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Wide Skies Music Festival features fabulous talent

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The third annual Wide Skies music Festival outside of Southminster United Church and Casa was blessed with beautiful weather, great music and an attentive audience,Tuesday and Wednesday, July 30 and 31.Steve Marriner blowing harp with Harry Manx at Wide Skies Music Festival, July 31. Photo by Richard Amery

Organizer Mike Spencer always has a good ear for the music he brings to the Geomatic Attic. So he brought back some familiar faces.

Harry Manx at Wide Skies Music Festival, July 30. Photo by Richard Amery
I seem to recall seeing west coast soul/ roots band Carmannah, but can’t place where.
 I arrived in the middle of their opening set outside Southminster Church, where the road was blocked off and two stages were set up, Tuesday, July 30.

 Carmannah played a really laid back set of roots music dripping with R and B and soul, that was stultifyingly beautiful, and marked by gorgeous multi-part vocal harmonies. Though they cut loose near the end  for a spirited fiddle powered jam.

 I missed Megan Brown and George Fowler’s opening set on the side/tweener stage.
 But local blues rock band the Steve Keenan Band dominated the two tweener sets, while the other musicians were setting up.

 The Steve Keenan band played an array of upbeat blues and country tinged originals, breaking out a few blues classics like BB King’s  “The Thrill is Gone” and other well known modern blues hits like Kenny Wayne Shepherd’s “Blue on Black.”

 It is always a treat when Danny Michel returns to Lethbridge. He easily held the crowd’s attention with just him, his guitar and a lot of stories.

Musically, he stuck to his most popular more exotic songs including “Feather, Fur and Fin,” “Tennessee Tobacco,” “Whale of a Tale,” “Wish Willy,” and “ Who’s Going to Miss You When you’re Gone.”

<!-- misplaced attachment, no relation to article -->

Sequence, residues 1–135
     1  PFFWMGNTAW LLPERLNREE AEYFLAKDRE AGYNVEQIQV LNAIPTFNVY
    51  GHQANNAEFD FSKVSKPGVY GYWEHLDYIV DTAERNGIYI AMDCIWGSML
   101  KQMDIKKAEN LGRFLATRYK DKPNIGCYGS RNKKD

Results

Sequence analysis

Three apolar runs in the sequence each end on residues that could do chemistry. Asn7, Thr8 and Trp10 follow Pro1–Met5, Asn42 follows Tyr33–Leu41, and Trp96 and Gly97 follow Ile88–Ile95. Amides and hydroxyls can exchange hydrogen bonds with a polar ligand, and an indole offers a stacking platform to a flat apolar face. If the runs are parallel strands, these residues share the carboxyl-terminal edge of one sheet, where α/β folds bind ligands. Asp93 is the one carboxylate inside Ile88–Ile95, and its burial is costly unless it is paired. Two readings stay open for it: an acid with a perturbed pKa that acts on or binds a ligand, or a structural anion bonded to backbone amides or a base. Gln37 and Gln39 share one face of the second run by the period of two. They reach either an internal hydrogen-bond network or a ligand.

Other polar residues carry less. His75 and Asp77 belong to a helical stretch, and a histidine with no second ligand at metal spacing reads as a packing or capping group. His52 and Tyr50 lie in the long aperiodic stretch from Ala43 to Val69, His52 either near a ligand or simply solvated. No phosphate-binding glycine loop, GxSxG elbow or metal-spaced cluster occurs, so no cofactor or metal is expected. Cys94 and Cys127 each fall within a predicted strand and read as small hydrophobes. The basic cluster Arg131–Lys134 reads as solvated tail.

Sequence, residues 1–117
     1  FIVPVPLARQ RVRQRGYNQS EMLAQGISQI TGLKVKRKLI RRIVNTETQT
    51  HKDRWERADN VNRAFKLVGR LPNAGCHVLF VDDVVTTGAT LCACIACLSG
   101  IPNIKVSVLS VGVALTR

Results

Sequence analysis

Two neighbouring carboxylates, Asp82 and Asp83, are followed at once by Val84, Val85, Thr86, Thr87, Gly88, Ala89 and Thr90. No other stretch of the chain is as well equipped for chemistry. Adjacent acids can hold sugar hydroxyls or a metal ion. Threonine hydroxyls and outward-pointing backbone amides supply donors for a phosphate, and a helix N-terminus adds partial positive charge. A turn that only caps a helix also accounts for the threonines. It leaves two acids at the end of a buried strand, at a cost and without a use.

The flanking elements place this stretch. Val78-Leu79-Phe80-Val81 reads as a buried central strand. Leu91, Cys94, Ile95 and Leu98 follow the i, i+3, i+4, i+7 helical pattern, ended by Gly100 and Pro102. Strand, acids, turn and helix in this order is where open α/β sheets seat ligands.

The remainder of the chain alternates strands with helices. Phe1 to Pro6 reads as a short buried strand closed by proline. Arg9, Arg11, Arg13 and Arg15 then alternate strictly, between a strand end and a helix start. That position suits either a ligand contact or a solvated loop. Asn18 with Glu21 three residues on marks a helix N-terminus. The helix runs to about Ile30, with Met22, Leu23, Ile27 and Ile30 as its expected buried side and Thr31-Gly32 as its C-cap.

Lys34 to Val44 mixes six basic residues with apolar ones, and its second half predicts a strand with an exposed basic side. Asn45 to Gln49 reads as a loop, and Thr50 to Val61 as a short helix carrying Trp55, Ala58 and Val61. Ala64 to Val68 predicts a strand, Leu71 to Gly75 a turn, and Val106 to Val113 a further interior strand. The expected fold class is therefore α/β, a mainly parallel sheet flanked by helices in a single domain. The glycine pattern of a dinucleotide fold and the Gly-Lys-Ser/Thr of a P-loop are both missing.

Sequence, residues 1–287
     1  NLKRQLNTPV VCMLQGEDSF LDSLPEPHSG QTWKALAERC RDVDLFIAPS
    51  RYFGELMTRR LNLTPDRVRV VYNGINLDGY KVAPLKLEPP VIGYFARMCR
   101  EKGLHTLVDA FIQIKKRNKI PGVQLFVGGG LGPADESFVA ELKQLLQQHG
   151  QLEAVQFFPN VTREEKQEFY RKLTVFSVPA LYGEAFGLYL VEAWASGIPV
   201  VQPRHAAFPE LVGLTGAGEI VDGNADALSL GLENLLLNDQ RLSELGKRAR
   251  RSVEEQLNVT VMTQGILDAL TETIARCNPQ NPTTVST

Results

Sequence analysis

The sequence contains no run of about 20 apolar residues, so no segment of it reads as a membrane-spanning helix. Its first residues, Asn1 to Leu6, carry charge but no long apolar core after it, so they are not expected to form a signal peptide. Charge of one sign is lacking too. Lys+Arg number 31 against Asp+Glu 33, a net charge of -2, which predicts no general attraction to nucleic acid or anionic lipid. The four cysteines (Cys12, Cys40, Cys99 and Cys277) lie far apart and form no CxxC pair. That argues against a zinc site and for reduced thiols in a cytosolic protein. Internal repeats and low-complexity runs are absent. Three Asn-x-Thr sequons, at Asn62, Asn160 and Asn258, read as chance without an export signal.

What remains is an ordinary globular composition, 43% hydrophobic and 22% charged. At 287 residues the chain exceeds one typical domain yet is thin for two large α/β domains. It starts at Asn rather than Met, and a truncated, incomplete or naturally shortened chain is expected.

He sang in an appealing, lilting, tenor voice and a really tender feel on the guitar.

 He was also performing a ticketed event, later on, a songwriters circle with Cousin Harley and Sofia Viola,” which I missed.Carmanah playing Wide Skies Music Festival, July 30. Photo by Richard Amery
 But I was mostly there for Vancouver rockabilly trio Cousin Harley.


Cousin Harley’s Paul Pigat at Wide Skies Music Festival, July 30. Photo by Richard Amery
 They stayed old school rockabilly. I didn’t even hear one song from their most recent CD  “Blue Smoke, a tribute to Merle Travis.”

 Nonetheless, there was plenty of twang and hot picking from frontman Paul Pigat as they played the most spirited show of the festival.

  I missed most of the next night’s event due to being on stage with Shakespeare in the Park. So I missed another set by Sofia  Viola, who by most accounts, pretty much stole the show.

Danny Michel playing wide Skies Music Festival, July 30. Photo by Richard Amery
 I was there to hear Harry Manx and MonkeyJunk’s Steve Marriner, expecting the hear music from their most recent CD “ Manx Marriner Mainline: Hell Bound for Heaven.” I may have missed that, but caught a bad case of great blues from the duo, which mostly focused on Manx’s rumbling baritone and stories.

 Marriner added lead guitar and some hot harp solos, while Manx Plucked a couple of different guitars including a cigar box guitar set up as a lap steel, and of course, his Mohan Veena, which he brought out for the encore of “Crazy Love.”

 The Steve Keenan Band at Wide Skies Music Festival, July 30. Photo by Richard AmeryThey played a beautifully mellow version of Bruce Springsteens “ I’m on Fire,” which Manx prefaced with a long story about playing it at a Bruce Springsteen tribute show with the Boss himself sitting in the front row, and who, afterwards, told Manx how much he liked  the version.

 They also played some blues classics like “ I Can’t Be Satisfied,” which Manx introduced by talking about learning how to play the blues as a boy.

— By Richard Amery, L.A. Beat EditorMegan Thiessen dancing to Harry Manx and Steve Marriner at Wide Skies Music Festival. Photo by Richard Amery
Last Updated ( Wednesday, 01 January 2020 14:39 )  
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